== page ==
“As a personalized introduction to the leading figures of literary modernism, no better book exists.” —The New York Times
Intimate portraits of great poets in old age, giving new insight into their work and their lives, and context to the often flawless art created by flawed human beings. The best of themselves endure, and the old poets’ existence and endurance gives readers courage to pursue their own vision.
Donald Hall (Essays After Eighty and A Carnival of Losses: Notes Nearing Ninety) knew a great deal about work, about poetry, and about age. Each of those things come together in this unique collection. We hear about Robert Frost as Hall knew him: vain and cruel, a man possessed by guilt. But, as Hall writes, “The poet who survives is the poet to celebrate; the human being who confronts darkness and defeats it is the one to admire. For all his vanity, Robert Frost is admirable: He looked into his desert places, confronted his desire to enter the oblivion of the snowy woods, and drove on.”
Hall’s essays are once both intimate portraits and learned treatises. He takes us on a pub crawl through the Welsh countryside with the word-mad Dylan Thomas; to the Faber & Faber office of T. S. Eliot, who had discovered more happiness in age than in youth; to a reading where Robert Frost’s public persona hid the truth; to Brooklyn for lunch with the enigmatic Marianne Moore; and to Italy and for a visit with the notorious Ezra Pound. By the time Hall met them, each poet was, he observed, “old enough to have detached from ongoing poetry, to feel alien to the ambitions of the grandchildren.”
Also included are portraits of the poets who taught Hall as a writer: the unfailingly kind Archibald MacLeish and Yvor Winters, from whom he learned the most about poetry. Along the way are observations about many other poets and the literary cultures that sustained them.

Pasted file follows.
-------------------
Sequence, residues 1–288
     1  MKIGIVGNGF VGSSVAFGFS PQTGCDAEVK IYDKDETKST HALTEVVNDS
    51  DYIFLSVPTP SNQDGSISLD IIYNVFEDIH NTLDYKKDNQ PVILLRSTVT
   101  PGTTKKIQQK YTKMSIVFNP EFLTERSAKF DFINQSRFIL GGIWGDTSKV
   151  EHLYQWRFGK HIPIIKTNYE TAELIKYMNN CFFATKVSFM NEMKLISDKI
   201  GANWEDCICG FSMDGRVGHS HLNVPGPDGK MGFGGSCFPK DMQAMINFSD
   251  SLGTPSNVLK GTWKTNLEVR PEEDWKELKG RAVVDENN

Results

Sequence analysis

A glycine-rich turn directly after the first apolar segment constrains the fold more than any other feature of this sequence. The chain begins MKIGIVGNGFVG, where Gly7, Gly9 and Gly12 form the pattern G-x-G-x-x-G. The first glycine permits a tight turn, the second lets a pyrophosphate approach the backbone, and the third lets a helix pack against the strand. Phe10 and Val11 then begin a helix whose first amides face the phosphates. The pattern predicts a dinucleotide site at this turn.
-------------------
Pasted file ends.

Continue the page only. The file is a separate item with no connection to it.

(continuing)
Contents include: “Vanity, Fame, Love, and Robert Frost,” “Dylan Thomas and Public Suicide,” “Notes on T. S. Eliot,” “Rocks and Whirlpools: Archibald MacLeish and Yvor Winters,” “Marianne Moore: Valiant and Alien,” and “Fragments of Ezra Pound.”
For lovers of literature, this is a gorgeous remembrance and likely to compel an immediate visit to the poetry section of the nearest bookstore—as Hall writes, “Their presences have been emblems in my life, and I remember these poets as if I kept them carved in stone.”
A new introduction by the poet Wesley McNair gives context to Donald Hall’s own long literary life.
“Reading it again after all these years in this sparkling new edition, I see that Donald Hall’s book of memoirs and opinions, Old Poets, is one of those quirky triumphs of literature that he so admired. It is a great pleasure to read—frank, funny, and entertaining, but also serious and insightful, filled with a sense of mission and vocation. I find it candid, unabashed, and inspiring.”